Amelie Klein is a curator at the Vitra Design Museum in Weil am Rhein, Germany, and she organized the show Hello, Robot. Design between Human and Machine, a centerpiece of the Vienna Biennale. The Architect's Newspaper (AN) sat down with Klein to discuss robots and the speculation that comes along with them. The Architect’s Newspaper: What role does speculation play in your new exhibition Hello, Robot., which is on view now as part of the Vienna Biennale? Amelie Klein: Well, it is funny because dealing with robots is inherently dealing with a lot of speculation. But our definition of “robot” is very broad, so it is not always so clear. What is a robot? Architect Carlo Ratti says there are three criteria: A robot must have sensors that gather; intelligence that interprets; and actuators, or tools, that produce a reaction. This is slightly different than what we usually consider to be a robot, which is more about doing something physical or having artificial intelligence. But if we look at the smartphone as a robot, we are not in the speculative; we are talking about the real. However, at the same time, the stuff we see that resembles science fiction robots is built to work for like five days, usually at a fair next to a highly sophisticated technician who will help make it run. So in that regard, it is not really as advanced as we might think. If you look at what is around, it is mostly all super fragile and doesn’t work at all. So robotics today is inherently speculative. But what about design? What role does design play in realizing new futures? Bruce Sterling always says, “Science fiction is never about the future, it is always about the present.” Speculation is looking at the present and taking it one step further. Paola Antonelli once gave a presentation in the mid-’90s about the future of work. She had commissioned a piece to Hella Jongerius, who came up with a bed with a screen built into the piece of furniture. Today, that is ridiculous to think of having [a bed with] a built-in screen, but at the same time we all work in bed. So people are articulating these ideas in a way that corresponds to our own reality today. Since the modernism movement, we have had this fetish of function—as if functionality is what makes design. I don’t think this is a very useful concept for what design can offer. Design practices like Dunne + Raby and Superflux use speculative design to talk about how we deal with our physical environment now. They are asking some very important questions, which has liberated design from this fetish of functionality. Do you see the same level of speculative thinking in architecture? There is certainly speculative thinking, such as Greg Lynn’s work or the Vertical Village. Archigram and Ant Farm were also highly speculative. In general, in the 1970s there were radical architects, but maybe this is not so prevalent anymore. What we have found in our research for this show is really well-researched architecture that isn’t necessarily speculative, it‘s just real—such as parametricism. We had this moment when all these architects came up with a new aesthetic that was born from the digital. But now people are really bored with that and they are looking at what else we can do with that technology. If you look at what Ratti is doing, he says that the medieval city will always look like the medieval city, but we will just use it differently. What is really new is actually invisible. The same is true for design. We might have new gadgets, but it might be more about how we interact with these objects, not how things look. It is interesting. It is almost impossible to build architecture that relates to technology, because it ends up obsolete with a few years and must be retrofit. Achim Menges is dealing with some of these issues at the University of Stuttgart’s Institute for Computational Design and Construction. He is asking, “What does it mean to have larger cities, and how will we deal with having to construct more buildings?” It is less about speculation; it is very much about nuts and bolts in a very architectural way. He is thinking about how we can use architecture like nature uses material. For example, every building is built to carry maximum weight, which is a waste of material. He looks at how we can save material. How much room for innovation is there? So we can speculate about new ways of making? I rarely get excited about a chair, unless it totally rethinks how to make a chair, such as the CurVoxels 3-D Printed Cantilever Chair, which is based on an algorithm that feeds into a robot that prints it in the air. It does for furniture design what Menges is doing for architecture. CurVoxels Design Research Group took the Panton Chair by Vernor Panton and tested a new method [of fabrication] with a very traditional chair. It is like the old analogy of the iron bridge, where it looks like a wooden bridge, even though it’s made of this new material. We are figuring out still what the possibility of these materials is and what that might mean for making and what that might mean for aesthetics. So how can design speculate about the city? One thing that is very fresh and prescient is a project by Dunne & Raby called United Micro Kingdoms, where they reimagined how four communities would live. For example, the digitarians would have a society that was quite authoritarian. It is also kind of neoliberal, as they are obsessed with cost efficiency, etc. It raises issues that we might not be thinking about, like how do we pay for autonomous vehicles? We may not own these self-driving cars—we might have to share and rent them. We have these great visions of the city without congestion and everything is running smoothly, but it likely won’t happen that way. We will probably see something more like what Dunne & Raby came up with, which is very easyJet-like, with bare-bones amenities. If you pay more, it might be luxurious with more privacy and speed. This is how we live today, so why would it change? There is hope. Superflux was invited by one of the Arab Emirates to give a presentation about potential cities of the future. They suggested that cars must be given up, and these oil sheiks, who are filthy rich, said, “Forget it! I am not going to do that, my son is not going to do that!” Superflux anticipated this and, working with scientists and physicists, created a series of air samples that illustrated what the air would smell like if we don’t change our present habits. It worked to convince them. The sheiks didn’t want their sons [sic] to live in air like that. This can be very powerful, if designers look to social progress rather than simply working within the neoliberal or market frameworks. All this technology is being sold as changing the world, but how are Airbnb or Uber changing the world? They are undermining conventions in society that we have worked for centuries to install. They are not saving the world, they are taking us steps backwards, and it is causing disenchantment and disappointment. Critical thinking is all we have to avoid these hyper-efficient futures. The experiments might be inefficient, but we need that and we need speculation to move forward.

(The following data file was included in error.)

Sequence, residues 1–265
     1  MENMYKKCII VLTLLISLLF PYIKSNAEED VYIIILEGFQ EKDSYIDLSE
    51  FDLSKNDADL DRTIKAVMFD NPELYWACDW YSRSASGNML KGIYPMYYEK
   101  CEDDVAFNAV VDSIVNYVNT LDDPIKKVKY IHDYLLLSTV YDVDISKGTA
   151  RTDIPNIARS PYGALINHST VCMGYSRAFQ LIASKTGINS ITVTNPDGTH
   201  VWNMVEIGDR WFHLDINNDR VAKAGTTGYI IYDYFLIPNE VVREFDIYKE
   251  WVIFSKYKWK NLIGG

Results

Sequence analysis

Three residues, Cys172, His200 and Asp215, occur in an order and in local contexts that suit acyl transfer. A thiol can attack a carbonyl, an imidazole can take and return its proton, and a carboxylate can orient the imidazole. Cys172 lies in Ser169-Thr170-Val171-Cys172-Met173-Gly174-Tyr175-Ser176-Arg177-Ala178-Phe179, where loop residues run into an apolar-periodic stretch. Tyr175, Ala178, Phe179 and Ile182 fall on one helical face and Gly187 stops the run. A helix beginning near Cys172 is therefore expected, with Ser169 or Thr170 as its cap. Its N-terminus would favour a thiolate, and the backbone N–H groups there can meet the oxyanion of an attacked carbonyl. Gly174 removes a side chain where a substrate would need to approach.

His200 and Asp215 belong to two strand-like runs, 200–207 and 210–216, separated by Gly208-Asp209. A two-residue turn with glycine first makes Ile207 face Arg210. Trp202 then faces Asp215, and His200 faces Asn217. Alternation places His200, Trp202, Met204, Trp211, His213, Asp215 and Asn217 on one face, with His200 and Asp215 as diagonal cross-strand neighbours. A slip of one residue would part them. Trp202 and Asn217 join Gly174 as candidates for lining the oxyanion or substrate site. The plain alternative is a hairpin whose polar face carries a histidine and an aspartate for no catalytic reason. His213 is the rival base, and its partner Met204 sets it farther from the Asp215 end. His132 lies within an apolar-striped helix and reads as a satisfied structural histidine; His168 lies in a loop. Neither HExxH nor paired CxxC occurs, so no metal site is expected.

As of 2015, over 70 percent of all freight transported in the U.S. was moved by truck. That represents a whopping $726 billion in gross revenues from trucking alone, and each year, trucks haul everything from consumer goods to livestock over billions of miles in the United States. All of those numbers are growing—so much so, that according to the American Trucking Associations, the industry is running into a major driver shortage. Long hours, days away from home, and the stress of driving 80,000 pounds at 70 miles per hour is not for everyone, but one company is hoping to make the task easier through automation. Embark, a small startup based in Silicon Valley, is led by a number of engineering school dropouts. Its goal is to develop affordable semi-autonomous semis using neural-net–based deep learning technology. By developing hardware that can be fitted onto existing truck models, and software that learns as it goes, Embark has quickly and cheaply developed some of the most promising autonomous vehicles in the world. “Analyzing terabyte upon terabyte of real-world data, Embark’s DNNs have learned how to see through glare, fog, and darkness on their own,” said Alex Rodrigues, CEO and co-founder of Embark, in a statement that coincided with the introduction of the technology this spring. “We’ve programmed them with a set of rules to help safely navigate most situations, safely learn from the unexpected, and how to apply that experience to new situations going forward.” Rather than try to replace drivers, or redesign the trucks or roads, Embark is focusing on working with what already exists. Collaborating with Texas-based truck manufacturer Peterbilt, Embark is retrofitting the popular 579 semi models with sensors cameras and computers that can read existing roads and take over driving tasks from long-haul drivers. When the trucks must navigate more complex urban settings, the human driver takes back command. This focus on solving the open-road problem, instead of the entire range of driving situations, has streamlined the development process. Currently Embark is one of only three companies permitted to test autonomous 18-wheeler semis on the highways of Nevada (the other two companies being Freightliner and Uber). With the Peterbilt collaboration and a recent announcement of $15 million in additional financing, Embark has become one of the leaders in the race to automate transportation. While Google, Tesla, and a slew of other car companies target the finicky consumer market, Embark has its sights squarely on a market struggling to keep up with demand. With hundreds of billions of dollars at stake, and billions of pounds of freight being moved, it seems only likely that it will be the self-driving truck, not sports car, that we will be seeing on the road sooner rather than later.